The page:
How do you figure out how many Valence electrons is in an atom?

1 Answer
Jun 4, 2016

Answer:

The number of valence electrons that an atom has is equal to the group number of that atom.

Explanation:

The group number of a certain atom is equal to that atom's number of valence electrons only when you are referring to main group elements. The main group elements are groups 1,2, 13-18, with the exclusion of the transition and inner transition metals. I should also add that helium only has two valence electrons even though it is in group 18. This is because helium's electrons only occupy an S orbital, which can hold a maximum of two electrons.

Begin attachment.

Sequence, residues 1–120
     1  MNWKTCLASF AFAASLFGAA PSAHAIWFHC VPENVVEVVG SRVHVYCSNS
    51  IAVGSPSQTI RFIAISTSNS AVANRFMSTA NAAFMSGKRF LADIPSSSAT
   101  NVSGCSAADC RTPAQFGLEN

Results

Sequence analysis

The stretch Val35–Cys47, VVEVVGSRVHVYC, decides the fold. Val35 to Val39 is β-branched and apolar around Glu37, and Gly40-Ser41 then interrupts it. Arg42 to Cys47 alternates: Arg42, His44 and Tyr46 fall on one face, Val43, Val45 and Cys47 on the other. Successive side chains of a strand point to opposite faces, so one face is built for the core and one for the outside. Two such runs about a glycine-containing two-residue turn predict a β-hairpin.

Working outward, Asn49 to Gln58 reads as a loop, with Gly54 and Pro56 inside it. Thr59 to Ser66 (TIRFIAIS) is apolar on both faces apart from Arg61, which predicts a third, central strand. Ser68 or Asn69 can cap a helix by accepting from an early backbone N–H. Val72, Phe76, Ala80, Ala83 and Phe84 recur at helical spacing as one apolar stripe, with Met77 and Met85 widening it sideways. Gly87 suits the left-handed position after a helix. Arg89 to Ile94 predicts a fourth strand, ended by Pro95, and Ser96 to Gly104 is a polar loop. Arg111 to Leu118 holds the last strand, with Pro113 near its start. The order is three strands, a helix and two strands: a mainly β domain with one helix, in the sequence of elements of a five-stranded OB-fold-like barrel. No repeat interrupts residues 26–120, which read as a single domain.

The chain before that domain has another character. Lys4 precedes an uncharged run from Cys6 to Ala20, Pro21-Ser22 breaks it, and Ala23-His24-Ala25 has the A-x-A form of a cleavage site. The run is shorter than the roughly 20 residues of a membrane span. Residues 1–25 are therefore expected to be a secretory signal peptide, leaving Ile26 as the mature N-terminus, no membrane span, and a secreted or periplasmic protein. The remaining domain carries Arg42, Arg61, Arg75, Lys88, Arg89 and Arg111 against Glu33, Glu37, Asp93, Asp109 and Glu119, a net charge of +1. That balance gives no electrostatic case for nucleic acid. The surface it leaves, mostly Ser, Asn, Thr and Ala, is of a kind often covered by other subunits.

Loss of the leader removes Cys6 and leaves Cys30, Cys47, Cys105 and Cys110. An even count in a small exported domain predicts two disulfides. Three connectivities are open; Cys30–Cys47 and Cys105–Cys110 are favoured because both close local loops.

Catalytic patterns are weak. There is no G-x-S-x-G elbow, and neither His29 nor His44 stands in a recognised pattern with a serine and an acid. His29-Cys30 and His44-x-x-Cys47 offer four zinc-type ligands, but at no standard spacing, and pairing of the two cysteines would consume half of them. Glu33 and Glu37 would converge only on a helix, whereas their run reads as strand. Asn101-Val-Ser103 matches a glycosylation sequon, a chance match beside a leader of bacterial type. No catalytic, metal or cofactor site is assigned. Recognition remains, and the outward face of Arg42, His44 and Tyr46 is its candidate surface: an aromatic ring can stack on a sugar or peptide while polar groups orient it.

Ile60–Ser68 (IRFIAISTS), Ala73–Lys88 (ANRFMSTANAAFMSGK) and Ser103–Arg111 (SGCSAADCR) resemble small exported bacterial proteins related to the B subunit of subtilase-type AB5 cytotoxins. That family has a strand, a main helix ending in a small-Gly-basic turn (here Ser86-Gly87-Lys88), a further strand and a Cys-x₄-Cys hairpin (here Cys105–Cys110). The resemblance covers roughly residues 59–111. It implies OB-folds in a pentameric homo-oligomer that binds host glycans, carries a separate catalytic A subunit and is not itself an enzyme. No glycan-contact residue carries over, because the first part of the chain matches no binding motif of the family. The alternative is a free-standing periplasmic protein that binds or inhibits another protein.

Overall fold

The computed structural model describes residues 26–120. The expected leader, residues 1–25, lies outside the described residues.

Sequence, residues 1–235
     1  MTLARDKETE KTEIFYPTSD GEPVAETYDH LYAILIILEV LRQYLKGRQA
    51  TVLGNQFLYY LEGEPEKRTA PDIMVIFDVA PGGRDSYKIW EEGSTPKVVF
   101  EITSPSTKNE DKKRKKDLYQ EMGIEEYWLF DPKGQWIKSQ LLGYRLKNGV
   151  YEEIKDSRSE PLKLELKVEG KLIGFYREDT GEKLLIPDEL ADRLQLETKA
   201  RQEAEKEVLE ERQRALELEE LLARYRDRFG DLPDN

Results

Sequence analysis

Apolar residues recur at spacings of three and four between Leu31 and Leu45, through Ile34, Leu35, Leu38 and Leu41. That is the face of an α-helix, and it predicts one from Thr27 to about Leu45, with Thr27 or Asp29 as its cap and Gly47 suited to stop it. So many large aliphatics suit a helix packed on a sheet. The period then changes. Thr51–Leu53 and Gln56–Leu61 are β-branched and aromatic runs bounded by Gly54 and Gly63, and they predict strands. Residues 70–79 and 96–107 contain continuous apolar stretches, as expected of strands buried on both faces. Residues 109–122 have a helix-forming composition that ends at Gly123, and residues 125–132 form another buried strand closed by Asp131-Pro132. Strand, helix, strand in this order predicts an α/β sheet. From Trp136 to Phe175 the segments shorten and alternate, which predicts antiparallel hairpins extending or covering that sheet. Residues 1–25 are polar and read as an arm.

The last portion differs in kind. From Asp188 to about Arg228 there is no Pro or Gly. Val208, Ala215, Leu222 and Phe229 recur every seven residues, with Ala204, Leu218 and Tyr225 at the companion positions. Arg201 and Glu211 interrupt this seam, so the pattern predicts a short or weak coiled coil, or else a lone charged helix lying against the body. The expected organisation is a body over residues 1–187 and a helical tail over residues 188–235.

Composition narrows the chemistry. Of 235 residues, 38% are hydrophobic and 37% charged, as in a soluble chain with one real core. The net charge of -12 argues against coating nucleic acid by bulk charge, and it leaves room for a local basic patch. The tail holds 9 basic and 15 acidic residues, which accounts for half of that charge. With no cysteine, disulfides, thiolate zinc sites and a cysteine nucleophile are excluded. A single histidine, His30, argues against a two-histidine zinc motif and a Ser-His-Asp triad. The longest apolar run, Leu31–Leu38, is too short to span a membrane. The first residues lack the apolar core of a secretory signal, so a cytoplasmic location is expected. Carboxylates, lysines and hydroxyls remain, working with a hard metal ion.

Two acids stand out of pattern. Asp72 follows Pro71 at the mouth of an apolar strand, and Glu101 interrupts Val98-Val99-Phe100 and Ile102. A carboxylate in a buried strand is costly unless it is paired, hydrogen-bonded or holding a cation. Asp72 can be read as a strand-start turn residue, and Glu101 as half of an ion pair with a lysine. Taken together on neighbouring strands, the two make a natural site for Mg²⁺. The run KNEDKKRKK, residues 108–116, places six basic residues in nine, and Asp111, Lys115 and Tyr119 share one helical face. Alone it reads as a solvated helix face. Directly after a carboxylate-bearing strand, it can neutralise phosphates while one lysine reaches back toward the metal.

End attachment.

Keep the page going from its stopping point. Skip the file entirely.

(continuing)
For example, let's say that you have a Ca atom. Since calcium is located in the second row of the periodic table, it will have two valence electrons in its outermost shell.

Here is a more detailed explanation with examples!

Valence Electron Help